Chapter 19

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Vicars

July 16th, 2017

2:02 AM

“I’m sorry. I didn’t mean to do that back there.” Dion said.

“It doesn’t matter now, none of it does,” Apollo said. Staring down below was intimidating for Apollo, with the hot fumes of an exhaust pipe blowing up at him and the skin underneath his mask collecting sweat.

It was caught, the wetness of his sweat. On his collar, on his brow, on his wrists. It was if it had just rained. But really, it wasn’t the heat that made him this way, what made him nervous was down below, it was the red-colored comet zooming across the street. As if it had just been plucked the overcast sky. It was a car with one tire missing, driving on rims and skittering and sparking and wobbling down the street. It was the monster behind the vehicle. The demon, with the fur that covered most of its bodies and the dozen legs it crawled and jumped off, and the tongue that shot out like a pike or reeling line. A rapier. That’s it was. A rapier blade.

The car hiccuped.

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It went over a small bump, then swerved. It followed the contours of an uneven road until it finally crashed through chain link fence. The metal dragged atop the front of the car. It made a long, sc-sc-sc-scraping noise. Apollo cringed.

The car. The fence. The monster all fell into a culvert, so fast, that all they could see was the silky-fur and the red sparks.

“It doesn’t look particularly smart, probably minion-class. A servant, perhaps,” Apollo said. Though he wasn’t half as confident as his words. He was terrified, he could feel it like a cold scraping hand going down his backside. That was part of the reason he kneeled at the edge of the safe balcony.

His whole body refused to move. Maybe he wouldn’t have until he felt the rough hand. Until Dion tapped him forward.

“What are you waiting for?” He said. Apollo looked out to the screeching car. Dion was putting his mask on. Both wore the ivory on their face, rough and dull and shaped to the contours of their faces. It shielded his red eyes from the wind, and it kept them anonymous. That’s all. They jumped off the brick and concrete pillars that held the freeways above, they ripped through fences. The metal dangled from their hands and feet then fell off with each new gallop through the air.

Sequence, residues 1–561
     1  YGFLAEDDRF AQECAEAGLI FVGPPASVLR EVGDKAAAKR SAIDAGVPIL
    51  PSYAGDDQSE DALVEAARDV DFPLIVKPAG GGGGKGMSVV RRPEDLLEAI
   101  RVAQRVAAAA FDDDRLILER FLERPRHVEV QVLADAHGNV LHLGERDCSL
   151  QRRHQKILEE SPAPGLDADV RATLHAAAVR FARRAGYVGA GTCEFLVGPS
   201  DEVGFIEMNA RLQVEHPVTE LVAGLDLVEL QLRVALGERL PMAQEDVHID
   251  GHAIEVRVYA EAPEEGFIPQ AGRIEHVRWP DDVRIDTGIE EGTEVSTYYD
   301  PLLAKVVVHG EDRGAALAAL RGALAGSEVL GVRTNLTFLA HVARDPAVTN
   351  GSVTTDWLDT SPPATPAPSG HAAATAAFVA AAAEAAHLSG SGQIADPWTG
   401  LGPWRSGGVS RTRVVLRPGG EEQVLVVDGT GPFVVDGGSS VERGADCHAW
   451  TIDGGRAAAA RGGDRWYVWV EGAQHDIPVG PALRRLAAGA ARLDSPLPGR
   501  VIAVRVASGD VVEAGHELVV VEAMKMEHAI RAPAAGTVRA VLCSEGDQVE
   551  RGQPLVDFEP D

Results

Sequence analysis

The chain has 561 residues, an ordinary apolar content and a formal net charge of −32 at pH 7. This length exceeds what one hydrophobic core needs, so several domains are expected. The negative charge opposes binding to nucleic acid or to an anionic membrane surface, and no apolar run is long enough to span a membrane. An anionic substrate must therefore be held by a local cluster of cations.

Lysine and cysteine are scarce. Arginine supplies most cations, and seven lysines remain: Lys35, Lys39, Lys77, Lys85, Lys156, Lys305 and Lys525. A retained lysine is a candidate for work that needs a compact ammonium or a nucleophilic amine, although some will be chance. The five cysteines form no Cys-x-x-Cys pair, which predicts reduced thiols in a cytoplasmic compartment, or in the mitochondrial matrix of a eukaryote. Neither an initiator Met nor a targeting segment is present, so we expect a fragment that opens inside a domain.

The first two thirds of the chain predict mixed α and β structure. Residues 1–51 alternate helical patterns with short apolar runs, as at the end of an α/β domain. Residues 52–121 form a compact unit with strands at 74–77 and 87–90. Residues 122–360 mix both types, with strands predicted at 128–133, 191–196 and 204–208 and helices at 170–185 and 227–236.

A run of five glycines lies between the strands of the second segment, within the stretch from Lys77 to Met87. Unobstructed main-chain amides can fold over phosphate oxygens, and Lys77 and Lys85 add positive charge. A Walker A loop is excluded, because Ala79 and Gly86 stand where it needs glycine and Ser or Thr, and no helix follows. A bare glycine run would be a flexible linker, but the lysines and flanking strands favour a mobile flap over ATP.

Now standing on the floor, in the culvert and looking down, he spotted the car. It wasn’t hard to miss. It was screeching, both the vehicle and the demon. They were heading into a sewage hole too small for a car. Apollo reached into his coat, he felt his hands dig – quite literally – inside his jacket.

“Get ready,” He rested his giant blade on his shoulders.

Then he ran.

The wind currents grazed him, he felt the whistle of the air as he zoomed by and gained speed, then as his posture lowered and he was low and lean, he stopped feeling the molasses-like drag. With the reflection of light posts against him, and his sword glistening and reflective, he almost looked like a half crescent moon running by. A failed abortion of the celestial bodies, half a shadow, and half blinding light.

Above, he heard Dion. For Dion was moving, jumping rooftop to rooftop with his guns and shoulders in front of him. Apollo nodded to him, Dion nodded back.

They looked like dogs, acted and hunted like them, heads forward, weapons forward as if in a four-legged sprint. Dion fell, finally. He landed and slid down one side of the culvert. His mouth open. He felt his tongue dance, and he shot mid-slide.